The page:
عدد المساهمات : 18606
التقييم : 34388
تاريخ التسجيل : 01/07/2009
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العمل : مدير منتدى هندسة الإنتاج والتصميم الميكانيكى
|موضوع: كتاب Beginner's Guide to CNC Machining in Wood - Understanding the Machines, Tools, and Software الإثنين 17 يناير 2022 - 0:55
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Beginner's Guide to CNC Machining in Wood - Understanding the Machines, Tools, and Software
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Gallery of CNC Projects
How to Use This Book
Frequently Asked Questions
Chapter 1: Getting Started
Setting Up a Workspace
Choosing Your First Machine
Alternative CNC Machine Formats
Choosing Bits for Your CNC
Chapter 2: Basic Fittings
Making a Spoil Board
Making Your Own Clamps
Chapter 3: Practical Shop Projects
Zero-Clearance Throat Plates
Chapter 4: Shaping and Lettering
Carved SignDecorative Luminary
Chapter 5: Combining Techniques
Logo Luggage Tag
Wine Bottle Spaghetti Measure
Custom Coaster Set
Chapter 6: Inlays and Carvings
Box Lid Fox Inlay
Ibis Photo Carving
Grapevine Relief Carving
This glossary is not meant to be regarded as an official list of definitions. I
have created it to clarify terms as I use them in this book. Like many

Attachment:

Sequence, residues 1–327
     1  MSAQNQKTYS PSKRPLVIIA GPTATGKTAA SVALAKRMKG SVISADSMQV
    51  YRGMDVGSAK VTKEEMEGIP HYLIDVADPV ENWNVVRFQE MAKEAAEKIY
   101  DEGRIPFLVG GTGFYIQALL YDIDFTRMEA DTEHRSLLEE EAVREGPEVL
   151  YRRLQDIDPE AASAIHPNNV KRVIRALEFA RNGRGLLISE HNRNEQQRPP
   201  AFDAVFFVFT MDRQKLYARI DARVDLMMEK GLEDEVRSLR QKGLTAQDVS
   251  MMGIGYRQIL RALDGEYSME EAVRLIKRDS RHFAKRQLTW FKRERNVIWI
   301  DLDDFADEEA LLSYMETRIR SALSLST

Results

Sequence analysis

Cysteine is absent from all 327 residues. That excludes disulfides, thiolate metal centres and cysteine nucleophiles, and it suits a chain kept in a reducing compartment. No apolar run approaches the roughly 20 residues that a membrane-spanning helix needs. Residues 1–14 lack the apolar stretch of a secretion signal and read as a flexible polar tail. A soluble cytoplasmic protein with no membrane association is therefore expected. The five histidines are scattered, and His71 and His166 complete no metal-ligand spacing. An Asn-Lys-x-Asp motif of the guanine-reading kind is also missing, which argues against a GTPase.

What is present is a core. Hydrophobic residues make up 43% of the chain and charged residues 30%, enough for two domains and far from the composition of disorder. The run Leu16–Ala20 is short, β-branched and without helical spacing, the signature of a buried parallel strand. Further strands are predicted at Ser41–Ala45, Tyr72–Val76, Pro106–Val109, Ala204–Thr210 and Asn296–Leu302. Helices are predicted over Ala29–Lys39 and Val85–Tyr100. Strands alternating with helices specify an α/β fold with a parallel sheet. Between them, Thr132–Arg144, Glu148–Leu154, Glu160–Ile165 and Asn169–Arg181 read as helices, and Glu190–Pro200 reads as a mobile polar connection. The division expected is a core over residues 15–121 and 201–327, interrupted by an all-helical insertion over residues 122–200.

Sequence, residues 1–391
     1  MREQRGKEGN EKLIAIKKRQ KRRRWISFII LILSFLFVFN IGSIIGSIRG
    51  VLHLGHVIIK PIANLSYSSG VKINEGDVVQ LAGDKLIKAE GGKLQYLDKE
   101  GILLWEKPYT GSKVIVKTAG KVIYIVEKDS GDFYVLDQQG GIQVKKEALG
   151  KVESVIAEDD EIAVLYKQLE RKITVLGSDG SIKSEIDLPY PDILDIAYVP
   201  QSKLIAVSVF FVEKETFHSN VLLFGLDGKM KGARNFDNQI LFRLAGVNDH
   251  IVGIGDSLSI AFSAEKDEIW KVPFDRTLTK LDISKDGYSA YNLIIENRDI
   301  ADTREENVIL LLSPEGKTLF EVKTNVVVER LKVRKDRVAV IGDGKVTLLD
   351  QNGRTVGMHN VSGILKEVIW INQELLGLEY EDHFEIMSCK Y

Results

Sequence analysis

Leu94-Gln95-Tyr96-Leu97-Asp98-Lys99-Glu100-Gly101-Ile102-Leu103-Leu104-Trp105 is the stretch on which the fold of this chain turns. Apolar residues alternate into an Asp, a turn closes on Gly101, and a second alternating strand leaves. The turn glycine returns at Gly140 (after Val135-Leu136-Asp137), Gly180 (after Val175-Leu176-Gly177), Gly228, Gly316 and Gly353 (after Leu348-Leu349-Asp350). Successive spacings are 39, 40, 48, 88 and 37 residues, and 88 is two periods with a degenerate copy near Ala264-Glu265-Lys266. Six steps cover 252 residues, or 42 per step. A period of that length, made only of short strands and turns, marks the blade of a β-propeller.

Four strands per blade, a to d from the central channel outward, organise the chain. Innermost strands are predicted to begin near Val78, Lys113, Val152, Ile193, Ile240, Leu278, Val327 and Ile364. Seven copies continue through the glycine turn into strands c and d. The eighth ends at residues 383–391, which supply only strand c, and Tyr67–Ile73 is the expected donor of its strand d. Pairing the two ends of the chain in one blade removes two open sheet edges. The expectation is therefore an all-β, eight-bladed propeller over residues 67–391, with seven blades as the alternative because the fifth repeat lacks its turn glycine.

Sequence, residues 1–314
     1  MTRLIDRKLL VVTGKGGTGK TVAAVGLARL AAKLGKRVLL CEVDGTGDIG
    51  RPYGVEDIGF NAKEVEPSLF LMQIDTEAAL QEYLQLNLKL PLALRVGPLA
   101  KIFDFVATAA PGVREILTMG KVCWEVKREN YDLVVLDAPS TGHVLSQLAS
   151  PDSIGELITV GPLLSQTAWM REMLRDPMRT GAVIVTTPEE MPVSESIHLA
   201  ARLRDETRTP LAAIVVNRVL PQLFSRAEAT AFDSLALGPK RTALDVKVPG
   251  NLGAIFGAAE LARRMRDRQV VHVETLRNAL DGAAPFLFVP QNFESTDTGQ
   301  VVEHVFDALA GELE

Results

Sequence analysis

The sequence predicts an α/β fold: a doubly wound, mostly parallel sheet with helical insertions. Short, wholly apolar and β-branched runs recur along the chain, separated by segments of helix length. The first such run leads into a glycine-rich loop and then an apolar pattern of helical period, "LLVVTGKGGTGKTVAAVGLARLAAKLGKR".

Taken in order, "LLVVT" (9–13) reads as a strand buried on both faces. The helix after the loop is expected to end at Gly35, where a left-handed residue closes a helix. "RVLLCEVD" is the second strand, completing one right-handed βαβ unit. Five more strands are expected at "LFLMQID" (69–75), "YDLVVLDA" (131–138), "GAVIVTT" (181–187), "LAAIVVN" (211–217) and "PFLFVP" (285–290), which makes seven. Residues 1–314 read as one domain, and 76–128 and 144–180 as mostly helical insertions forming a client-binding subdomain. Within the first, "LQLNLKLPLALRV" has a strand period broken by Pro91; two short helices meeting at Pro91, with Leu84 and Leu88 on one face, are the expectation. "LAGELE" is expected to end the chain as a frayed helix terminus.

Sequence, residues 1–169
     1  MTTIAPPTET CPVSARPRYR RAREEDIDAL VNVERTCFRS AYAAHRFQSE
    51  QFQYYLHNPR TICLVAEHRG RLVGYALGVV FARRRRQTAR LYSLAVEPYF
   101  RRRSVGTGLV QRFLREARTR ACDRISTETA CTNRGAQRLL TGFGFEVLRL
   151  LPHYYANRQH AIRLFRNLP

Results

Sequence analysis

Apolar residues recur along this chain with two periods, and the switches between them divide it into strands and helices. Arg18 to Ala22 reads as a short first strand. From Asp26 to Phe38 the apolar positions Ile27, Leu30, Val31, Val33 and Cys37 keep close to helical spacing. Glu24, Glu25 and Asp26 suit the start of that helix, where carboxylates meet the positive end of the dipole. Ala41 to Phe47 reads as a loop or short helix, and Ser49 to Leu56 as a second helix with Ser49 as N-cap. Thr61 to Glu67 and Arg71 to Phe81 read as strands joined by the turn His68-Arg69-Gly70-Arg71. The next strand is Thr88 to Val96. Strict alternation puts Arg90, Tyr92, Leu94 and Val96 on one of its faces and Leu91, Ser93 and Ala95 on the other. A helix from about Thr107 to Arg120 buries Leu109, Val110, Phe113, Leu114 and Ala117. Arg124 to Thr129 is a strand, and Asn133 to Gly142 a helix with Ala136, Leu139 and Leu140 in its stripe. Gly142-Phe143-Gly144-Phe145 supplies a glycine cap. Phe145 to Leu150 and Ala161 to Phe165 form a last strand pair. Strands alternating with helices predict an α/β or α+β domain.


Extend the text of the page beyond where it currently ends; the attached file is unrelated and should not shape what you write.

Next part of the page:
sciences and professions, terms used by CNC programmers and operators
have sometimes evolved to be different than the common usage. Use this
glossary as a reference when reading to understand unfamiliar terms as you
Allowance – When the toolpath is automatically offset from any raster line
by a predetermined amount. Useful for inlays and for making minor
adjustments to holes and pockets without needing to re-draw the part.
Bit – The cutting tool mounted into the router or spindle of the CNC
machine. This may be specially manufactured for use in CNC machines but
does not need to be. Almost any common router bit that is not bearingguided can be used in a CNC. (See also tool.)
Bridge – Component that moves forward and backward along the frame of
the CNC. It holds the head, which moves side-to-side across the bridge. The
front-to-back and the side-to-side motions make up the X- and Y-axis, but
which is which may vary between machines.
CAD – Computer Aided Design; a computer program that allows the user
to create drawings in scale with dimensions.
CAD/CAM software – Computer programs that combine both drawing
functions with toolpath functions to allow programming CNC machines in
one software package.CAM – Computer Aided Manufacture; computer programs that allow for
associating physical milling operations to individual details contained
within a vector drawing.
Cartesian coordinates – A system of locating objects within a field by
defining points across a plane. First described by René Descartes in the 17th
century, the system is how all machines can work accurately within a
known area. Starting from a point chosen to be zero, all positions can be
plotted by moving known distances in known directions. The system allows
all points to be accurately returned to when needed. (See also coordinate.)
CNC – Computer Numerical Control; Guiding machine processes and
movement using software programs. The term has come to mean the